The Revolutionary Soundtrack To 'Easy Rider'

A goundbreaking use of pop and rock music in a movie score.

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The Revolutionary Soundtrack To 'Easy Rider'
On September 4th, 1969, the film 'Easy Rider' starring Jack Nicholson Peter Fonda and Dennis Hopper opened at The Classic in London England.

The young and rebellious director and producer of the movie, Dennis Hopper and Peter Fonda, chose to work outside the studio system. In 1969 they released their landmark counterculture film with a budget of $360 000. It had a $60-million box office intake, $41.7 million of which was domestic gross. The movie has marked a revolution in Hollywood filmmaking and became the third highest-grossing film of 1969.

One of the groundbreaking aspects of Easy Rider is its music. Hollywood soundtracks until then were usually an instrumental background score or a collection of songs written specifically for a film. The extensive use of pop and rock music for a film's soundtrack was unusual at the time, especially since the film lacks a classical score.

The idea came from Donn Cambern, the editor who used various music from his own record collection to make watching hours of the bike road movie footage more interesting during editing. Cambern and Hopper selected songs for the Easy Rider soundtrack based on stuff they heard on the radio in 1968. The licensing cost $1 million, more than the total budget of the movie. It featured The Band, The Byrds, The Jimi Hendrix Experience, and Steppenwolf.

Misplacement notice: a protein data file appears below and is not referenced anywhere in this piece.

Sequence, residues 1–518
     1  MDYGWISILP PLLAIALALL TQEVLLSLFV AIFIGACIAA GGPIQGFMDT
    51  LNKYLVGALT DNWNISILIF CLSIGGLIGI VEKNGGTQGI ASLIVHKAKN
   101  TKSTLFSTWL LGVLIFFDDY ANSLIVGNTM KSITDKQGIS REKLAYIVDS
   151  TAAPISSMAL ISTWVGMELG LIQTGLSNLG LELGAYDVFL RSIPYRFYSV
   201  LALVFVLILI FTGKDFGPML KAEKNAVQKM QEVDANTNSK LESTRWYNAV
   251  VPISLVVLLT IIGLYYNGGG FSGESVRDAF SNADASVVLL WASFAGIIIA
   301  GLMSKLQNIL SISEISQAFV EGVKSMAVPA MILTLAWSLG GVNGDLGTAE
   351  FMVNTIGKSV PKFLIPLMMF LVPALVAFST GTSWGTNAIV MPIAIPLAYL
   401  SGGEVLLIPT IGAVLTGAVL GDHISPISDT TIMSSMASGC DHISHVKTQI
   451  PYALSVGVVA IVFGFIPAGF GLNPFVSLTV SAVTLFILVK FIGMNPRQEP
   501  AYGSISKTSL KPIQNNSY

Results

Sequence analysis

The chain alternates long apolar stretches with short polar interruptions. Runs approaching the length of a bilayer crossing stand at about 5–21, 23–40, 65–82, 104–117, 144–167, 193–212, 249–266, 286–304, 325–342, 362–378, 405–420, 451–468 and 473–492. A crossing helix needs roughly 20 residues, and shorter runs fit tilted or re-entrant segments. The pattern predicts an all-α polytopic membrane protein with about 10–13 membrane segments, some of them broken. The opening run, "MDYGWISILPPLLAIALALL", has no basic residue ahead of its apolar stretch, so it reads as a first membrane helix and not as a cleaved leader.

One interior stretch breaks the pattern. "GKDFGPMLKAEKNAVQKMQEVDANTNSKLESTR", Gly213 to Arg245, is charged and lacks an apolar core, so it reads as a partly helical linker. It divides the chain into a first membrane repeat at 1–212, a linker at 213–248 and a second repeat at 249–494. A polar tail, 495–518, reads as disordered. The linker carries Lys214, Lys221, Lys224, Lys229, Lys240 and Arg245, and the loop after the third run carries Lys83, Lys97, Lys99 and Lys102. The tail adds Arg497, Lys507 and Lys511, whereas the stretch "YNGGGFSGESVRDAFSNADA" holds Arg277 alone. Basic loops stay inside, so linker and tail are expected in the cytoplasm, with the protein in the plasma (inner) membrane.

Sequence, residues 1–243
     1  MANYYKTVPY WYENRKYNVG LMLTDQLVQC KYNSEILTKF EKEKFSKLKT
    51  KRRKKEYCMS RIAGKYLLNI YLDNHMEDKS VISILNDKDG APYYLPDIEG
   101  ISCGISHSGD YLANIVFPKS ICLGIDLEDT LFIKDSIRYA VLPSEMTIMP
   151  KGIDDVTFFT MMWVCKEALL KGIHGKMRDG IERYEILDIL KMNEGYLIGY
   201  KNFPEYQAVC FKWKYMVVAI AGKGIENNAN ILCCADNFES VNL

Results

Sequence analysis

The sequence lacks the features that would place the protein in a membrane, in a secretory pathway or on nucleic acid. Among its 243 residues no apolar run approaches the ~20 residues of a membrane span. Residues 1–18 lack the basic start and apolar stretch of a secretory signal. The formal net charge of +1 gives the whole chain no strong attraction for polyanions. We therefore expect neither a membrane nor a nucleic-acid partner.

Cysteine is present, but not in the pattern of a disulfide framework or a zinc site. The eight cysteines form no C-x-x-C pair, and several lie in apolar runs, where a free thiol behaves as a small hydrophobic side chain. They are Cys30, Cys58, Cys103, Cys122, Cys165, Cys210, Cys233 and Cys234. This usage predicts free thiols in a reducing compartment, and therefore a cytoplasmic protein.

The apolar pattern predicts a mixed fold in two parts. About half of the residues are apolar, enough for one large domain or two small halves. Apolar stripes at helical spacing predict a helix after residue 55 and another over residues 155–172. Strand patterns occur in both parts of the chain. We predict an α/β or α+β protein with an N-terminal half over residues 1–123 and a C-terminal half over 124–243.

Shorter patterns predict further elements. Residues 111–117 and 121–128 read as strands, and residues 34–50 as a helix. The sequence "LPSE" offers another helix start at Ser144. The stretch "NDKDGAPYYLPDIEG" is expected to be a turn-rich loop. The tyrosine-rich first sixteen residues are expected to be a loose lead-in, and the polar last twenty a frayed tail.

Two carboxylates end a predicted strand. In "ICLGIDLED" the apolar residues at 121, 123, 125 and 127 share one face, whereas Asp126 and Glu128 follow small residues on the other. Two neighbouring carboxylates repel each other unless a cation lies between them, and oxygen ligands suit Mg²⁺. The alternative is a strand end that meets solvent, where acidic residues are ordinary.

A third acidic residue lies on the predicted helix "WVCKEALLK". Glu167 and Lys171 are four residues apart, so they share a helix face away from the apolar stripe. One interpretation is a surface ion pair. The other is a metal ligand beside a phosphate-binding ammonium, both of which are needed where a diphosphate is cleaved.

Originally, Peter Fonda had intended the band Crosby, Stills, Nash, & Young to write an entirely original soundtrack for the movie. But Hopper increasingly got control over every aspect of production and decided to throw CSNY out behind Fonda's back, telling the band:
"Look, you guys are really good musicians, but honestly, anybody who rides in a limo can't comprehend my movie, so I'm gonna have to say no to this, and if you guys try to get in the studio again, I may have to cause you some bodily harm."

"The Pusher" Steppenwolf

The song was originally written by Hoyt Axton, but the version used in the movie to accompany the opening scenes was recorded by Steppenwolf.
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Born to Be Wild" Steppenwolf